Student nonprofit aids Zambian orphans
In the city of Ndola, Zambia, 120 orphans each have a pair of brand-new, black leather shoes made especially for them. The shoes, which will complete the children’s school uniforms, are their ticket to an education and were a gift from a nonprofit foundation started by two Cornell students last year.
Last spring, engineering student Ricky Panzer ’13 and hotel student Alex Friedman ’13 launched Signature Donations with a broad mission: to fight the causes and effects of poverty. Purchasing the custom-made shoes for children at Haven of Hope Orphanage—an effort dubbed Project Ndola—was their first fundraising venture.
After incorporating Signature Donations in March 2010, Panzer and Friedman led the effort to raise $2,100 to have the shoes ordered, purchased and delivered by a local factory in Zambia. The children received their shoes in early September. Panzer and Friedman particularly wanted the shoes manufactured in Zambia, in order to help stimulate the economy.
The students chose the orphan shoe project after learning the dilemma that many Zambian children living in poverty face: To attend a government school, they need tuition, books and a uniform, which includes black leather shoes. For many, the shoes are prohibitively expensive—effectively barring them from receiving an education.
Panzer and Friedman began a relationship with the orphanage through its director, whom they met through Panzer’s father, a health education professional. Panzer, a computer science major, spent the summer drumming up support at home in northern New Jersey, leading fundraising teams of high school students and also speaking to Rotary Clubs.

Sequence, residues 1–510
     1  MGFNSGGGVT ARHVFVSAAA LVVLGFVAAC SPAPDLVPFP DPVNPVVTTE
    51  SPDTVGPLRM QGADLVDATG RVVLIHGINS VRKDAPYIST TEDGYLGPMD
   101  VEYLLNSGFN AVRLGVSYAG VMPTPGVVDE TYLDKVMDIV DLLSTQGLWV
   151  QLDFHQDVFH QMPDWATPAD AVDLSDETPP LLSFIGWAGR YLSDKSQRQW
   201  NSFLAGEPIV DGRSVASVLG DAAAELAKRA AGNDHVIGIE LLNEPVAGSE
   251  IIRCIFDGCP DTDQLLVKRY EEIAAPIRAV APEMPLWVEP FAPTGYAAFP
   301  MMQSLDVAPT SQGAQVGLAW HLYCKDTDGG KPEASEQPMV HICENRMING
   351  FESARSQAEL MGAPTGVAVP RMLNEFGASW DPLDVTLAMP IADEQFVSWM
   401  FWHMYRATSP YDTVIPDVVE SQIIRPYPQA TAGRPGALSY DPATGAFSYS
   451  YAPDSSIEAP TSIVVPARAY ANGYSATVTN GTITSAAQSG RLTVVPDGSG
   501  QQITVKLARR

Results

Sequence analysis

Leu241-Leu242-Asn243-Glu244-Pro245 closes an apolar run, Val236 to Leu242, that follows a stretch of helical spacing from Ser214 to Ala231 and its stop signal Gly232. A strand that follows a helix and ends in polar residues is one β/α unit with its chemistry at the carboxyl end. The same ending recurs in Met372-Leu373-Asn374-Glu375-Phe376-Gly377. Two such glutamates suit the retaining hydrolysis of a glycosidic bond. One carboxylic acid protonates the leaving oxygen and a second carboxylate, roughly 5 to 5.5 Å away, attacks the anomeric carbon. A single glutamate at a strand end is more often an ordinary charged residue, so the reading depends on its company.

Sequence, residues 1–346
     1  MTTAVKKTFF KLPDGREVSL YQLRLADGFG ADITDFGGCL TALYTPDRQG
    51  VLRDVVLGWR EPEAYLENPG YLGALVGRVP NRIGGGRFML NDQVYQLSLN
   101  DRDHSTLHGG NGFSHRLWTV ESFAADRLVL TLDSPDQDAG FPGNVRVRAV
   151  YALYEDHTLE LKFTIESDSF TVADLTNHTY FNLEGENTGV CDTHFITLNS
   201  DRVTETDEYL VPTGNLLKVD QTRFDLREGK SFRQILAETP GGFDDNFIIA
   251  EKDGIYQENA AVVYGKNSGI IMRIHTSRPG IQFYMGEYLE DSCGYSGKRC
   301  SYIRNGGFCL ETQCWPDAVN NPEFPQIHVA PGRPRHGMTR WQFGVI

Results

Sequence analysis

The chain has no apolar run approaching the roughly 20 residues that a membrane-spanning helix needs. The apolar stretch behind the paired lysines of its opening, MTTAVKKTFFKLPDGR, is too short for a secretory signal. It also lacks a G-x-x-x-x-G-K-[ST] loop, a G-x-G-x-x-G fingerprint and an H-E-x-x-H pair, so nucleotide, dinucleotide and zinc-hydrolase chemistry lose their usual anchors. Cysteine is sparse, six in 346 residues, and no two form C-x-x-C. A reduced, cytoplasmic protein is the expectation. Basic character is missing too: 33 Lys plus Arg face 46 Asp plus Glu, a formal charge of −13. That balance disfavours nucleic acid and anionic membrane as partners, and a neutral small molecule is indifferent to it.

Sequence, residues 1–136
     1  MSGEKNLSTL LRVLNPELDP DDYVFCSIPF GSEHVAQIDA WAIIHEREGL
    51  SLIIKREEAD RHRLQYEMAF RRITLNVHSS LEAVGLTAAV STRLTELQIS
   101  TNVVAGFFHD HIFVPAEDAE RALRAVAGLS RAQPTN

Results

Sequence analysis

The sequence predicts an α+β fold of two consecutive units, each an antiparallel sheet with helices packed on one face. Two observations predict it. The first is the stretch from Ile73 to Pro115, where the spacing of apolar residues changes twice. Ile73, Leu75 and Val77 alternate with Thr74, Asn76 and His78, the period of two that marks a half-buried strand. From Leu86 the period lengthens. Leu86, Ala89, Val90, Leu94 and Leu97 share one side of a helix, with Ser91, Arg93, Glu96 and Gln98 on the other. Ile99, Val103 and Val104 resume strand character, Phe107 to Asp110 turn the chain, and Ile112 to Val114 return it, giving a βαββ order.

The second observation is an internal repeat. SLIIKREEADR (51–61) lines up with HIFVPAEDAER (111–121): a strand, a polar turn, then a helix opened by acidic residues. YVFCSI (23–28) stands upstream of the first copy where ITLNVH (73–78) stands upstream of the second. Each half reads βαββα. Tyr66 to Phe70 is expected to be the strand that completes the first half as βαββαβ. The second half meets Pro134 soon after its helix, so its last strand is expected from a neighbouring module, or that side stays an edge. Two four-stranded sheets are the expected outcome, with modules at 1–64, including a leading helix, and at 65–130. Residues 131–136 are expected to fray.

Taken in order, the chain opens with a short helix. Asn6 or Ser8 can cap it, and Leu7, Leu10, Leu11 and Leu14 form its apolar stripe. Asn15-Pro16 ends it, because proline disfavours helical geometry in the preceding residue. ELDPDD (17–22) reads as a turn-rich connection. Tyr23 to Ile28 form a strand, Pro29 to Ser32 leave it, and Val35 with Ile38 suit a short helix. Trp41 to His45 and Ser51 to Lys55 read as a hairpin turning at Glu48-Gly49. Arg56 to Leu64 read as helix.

On the opposite coast in California, Friedman led such efforts as a charitable garage sale, in which neighbors donated goods from which proceeds went to Project Ndola.
The organization’s name reflects one of its main goals: To launch projects that address very specific needs. With regard to Ndola, Friedman explained, they wanted to do more than just collect or buy shoes and ship them to Africa, as many organizations do.
“We felt that if we didn’t reach out to them, and they didn’t tell us exactly what they needed, it might never have been addressed,” he said. “So we felt, hey, this is a great opportunity to do good for a specific cause.”
Panzer and Friedman lived in nearby rooms in Mews Hall freshman year. Panzer had led a service club in high school and knew he wanted to continue serving in college, but didn’t know exactly how.
Friedman came into the partnership with an eye for business. He already had started a company in high school called Deuces Wild, and he was looking for more projects. Starting a nonprofit, he said, was an appealing challenge.
The duo hopes to grow Signature Donations and recruit more Cornell students. They have ambitions for more fundraising ventures, including building a K-8 school in Zambia. It’s important to them that their projects can be sustained once their involvement ends.
“The theory is there is a finite amount of change that needs to be implemented in order to do good for people,” Panzer said. “And we want to reach that goal, and it can only be obtained through sustainable projects.”